As a Senator, Harris backed legislation promoting human rights in Hong Kong and sanctioning individuals responsible for human rights abuses against Uyghurs in China’s Xinjiang region.

In 2022, when Vice President Harris met with Chinese President Xi Jinping at the sidelines of the APEC Summit, she reiterated Biden’s statement that “we must maintain open lines of communication to responsibly manage the competition between our countries.” Days later, she visited the Philippines in what was seen as a message to China that the U.S. will continue to support the Southeast Asian country in the face of increasing aggression from Beijing in the contested South China Sea.

She has called China’s actions in the South China Sea, the East China Sea, and Taiwan Strait “disturbing.” During a visit to a naval base in Japan in 2022, Harris reiterated U.S. commitment to “continue to support Taiwan’s self-defense, consistent with our long-standing policy.”

Climate change

Climate change is one of the hallmarks of Harris’ political career—an area of interest that can be traced back to her time suing oil giants as San Francisco’s district attorney and later attorney general.

As a Senator, Harris was one of the early co-sponsors of the Green New Deal, a blueprint for clean energy transition introduced by Rep. Alexandria Ocasio-Cortez and Sen. Edward Markey. She also tried—and failed—to pass the Climate Equity Act, which called for an independent Office of Climate and Environmental Justice Accountability to support communities vulnerable to the climate crisis.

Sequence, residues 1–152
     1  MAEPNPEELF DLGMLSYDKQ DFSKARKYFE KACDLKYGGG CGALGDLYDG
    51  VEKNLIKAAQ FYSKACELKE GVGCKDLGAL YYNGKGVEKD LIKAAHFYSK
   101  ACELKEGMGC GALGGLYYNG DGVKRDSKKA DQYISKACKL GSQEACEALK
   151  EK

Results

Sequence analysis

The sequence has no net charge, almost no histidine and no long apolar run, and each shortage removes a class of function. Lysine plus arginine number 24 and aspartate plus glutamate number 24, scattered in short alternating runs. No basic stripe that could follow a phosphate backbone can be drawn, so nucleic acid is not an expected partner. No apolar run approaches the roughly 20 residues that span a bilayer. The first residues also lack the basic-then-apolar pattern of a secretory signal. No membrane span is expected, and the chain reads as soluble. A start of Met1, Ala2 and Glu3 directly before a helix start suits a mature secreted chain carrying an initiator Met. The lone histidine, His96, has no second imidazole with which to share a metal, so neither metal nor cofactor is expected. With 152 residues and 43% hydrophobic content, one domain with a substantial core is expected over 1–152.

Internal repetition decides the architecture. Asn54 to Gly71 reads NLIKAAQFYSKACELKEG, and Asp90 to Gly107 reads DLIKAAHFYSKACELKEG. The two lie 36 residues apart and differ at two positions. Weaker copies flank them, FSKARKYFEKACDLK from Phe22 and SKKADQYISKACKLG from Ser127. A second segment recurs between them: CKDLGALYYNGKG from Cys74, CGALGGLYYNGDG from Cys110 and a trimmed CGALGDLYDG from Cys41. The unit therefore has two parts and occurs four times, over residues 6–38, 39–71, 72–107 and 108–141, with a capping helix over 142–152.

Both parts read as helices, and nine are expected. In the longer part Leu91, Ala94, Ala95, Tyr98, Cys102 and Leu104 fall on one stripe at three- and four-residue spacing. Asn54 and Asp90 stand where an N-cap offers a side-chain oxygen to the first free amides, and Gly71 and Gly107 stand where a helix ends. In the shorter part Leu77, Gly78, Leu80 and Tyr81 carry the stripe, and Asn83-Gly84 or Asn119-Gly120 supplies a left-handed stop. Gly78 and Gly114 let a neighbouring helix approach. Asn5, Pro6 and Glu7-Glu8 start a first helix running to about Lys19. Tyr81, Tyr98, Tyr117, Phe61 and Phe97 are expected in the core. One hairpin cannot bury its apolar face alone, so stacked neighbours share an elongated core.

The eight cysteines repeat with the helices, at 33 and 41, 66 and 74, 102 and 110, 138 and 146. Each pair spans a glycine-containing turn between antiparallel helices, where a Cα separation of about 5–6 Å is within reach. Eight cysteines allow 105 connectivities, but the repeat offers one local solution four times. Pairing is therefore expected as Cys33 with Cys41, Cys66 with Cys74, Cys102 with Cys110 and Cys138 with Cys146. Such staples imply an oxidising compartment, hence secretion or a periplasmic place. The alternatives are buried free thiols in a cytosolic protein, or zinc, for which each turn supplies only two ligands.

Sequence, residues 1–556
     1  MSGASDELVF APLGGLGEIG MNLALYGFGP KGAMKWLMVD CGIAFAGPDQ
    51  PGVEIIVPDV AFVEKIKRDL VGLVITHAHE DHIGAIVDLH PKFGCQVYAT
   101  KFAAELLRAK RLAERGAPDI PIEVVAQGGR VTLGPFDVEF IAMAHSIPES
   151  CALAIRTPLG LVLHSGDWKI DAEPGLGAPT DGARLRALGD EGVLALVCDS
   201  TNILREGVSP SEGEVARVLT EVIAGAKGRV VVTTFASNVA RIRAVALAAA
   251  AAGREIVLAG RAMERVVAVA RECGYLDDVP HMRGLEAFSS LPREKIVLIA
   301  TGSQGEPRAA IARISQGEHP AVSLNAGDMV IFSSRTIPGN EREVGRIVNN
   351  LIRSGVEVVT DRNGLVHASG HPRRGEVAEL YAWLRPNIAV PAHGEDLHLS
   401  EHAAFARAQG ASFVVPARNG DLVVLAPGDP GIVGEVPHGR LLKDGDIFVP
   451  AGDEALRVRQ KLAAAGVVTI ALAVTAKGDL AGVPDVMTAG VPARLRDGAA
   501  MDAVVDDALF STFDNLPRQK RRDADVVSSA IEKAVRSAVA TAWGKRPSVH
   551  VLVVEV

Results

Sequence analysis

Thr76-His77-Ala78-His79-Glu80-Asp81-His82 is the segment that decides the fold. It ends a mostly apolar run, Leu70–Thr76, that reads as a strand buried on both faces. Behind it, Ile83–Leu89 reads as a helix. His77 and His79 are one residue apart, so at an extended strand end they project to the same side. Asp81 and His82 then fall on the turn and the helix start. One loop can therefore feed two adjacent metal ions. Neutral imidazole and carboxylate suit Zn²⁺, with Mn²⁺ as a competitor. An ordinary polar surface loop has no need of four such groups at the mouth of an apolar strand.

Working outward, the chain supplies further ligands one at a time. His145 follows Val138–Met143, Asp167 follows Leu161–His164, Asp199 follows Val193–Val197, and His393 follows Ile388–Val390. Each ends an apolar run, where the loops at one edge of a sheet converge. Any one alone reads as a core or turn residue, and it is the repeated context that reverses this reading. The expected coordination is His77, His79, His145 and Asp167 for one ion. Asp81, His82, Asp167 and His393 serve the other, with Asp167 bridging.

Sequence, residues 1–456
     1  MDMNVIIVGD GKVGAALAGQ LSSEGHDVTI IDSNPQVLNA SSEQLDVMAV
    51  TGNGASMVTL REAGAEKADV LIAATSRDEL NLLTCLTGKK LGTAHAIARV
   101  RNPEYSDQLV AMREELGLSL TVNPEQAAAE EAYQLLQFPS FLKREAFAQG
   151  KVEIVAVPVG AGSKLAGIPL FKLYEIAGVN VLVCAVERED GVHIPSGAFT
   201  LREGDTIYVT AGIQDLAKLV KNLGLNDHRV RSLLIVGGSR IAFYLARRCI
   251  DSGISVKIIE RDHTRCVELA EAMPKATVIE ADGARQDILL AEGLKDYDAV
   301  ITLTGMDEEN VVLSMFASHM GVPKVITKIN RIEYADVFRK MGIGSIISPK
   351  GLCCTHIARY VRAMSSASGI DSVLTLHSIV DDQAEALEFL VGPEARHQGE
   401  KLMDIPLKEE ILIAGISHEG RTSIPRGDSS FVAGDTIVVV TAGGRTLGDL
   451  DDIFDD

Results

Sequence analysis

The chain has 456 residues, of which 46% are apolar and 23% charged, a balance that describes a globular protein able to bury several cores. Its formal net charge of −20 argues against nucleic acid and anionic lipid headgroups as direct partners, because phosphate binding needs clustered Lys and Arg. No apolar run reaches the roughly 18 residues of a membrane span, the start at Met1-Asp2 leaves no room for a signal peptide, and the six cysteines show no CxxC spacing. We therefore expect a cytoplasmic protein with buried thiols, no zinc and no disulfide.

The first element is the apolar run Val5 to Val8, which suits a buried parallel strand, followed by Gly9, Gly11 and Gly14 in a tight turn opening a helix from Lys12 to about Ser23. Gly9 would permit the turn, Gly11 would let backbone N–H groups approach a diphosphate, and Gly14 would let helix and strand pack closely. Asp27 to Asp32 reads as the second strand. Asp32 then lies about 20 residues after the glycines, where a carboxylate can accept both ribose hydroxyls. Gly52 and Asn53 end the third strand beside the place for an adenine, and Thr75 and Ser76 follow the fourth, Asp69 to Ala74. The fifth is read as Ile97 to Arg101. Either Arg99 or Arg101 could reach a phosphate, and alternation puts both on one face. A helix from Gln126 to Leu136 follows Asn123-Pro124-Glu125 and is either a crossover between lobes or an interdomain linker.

During her presidential campaign in 2019, Harris proposed a $10 trillion plan to reduce greenhouse gas emissions, which includes a climate pollution fee, and the ending of federal fossil fuels subsidies. 

As Vice President, she has advocated publicly for climate action while engaging in behind-the-scenes conversations with officials to facilitate climate legislation, as well as attending private events with environmental leaders. Last December, while attending the COP28 climate summit, Harris announced a $3 billion pledge from the U.S. to the Green Climate Fund.


Early on in her career, Harris developed a tough-on-crime reputation as district attorney in California, having boasted about raising conviction rates. She also supported a controversial anti-truancy program that prosecuted the parents of kids who were missing school, which disproportionately affected families of color.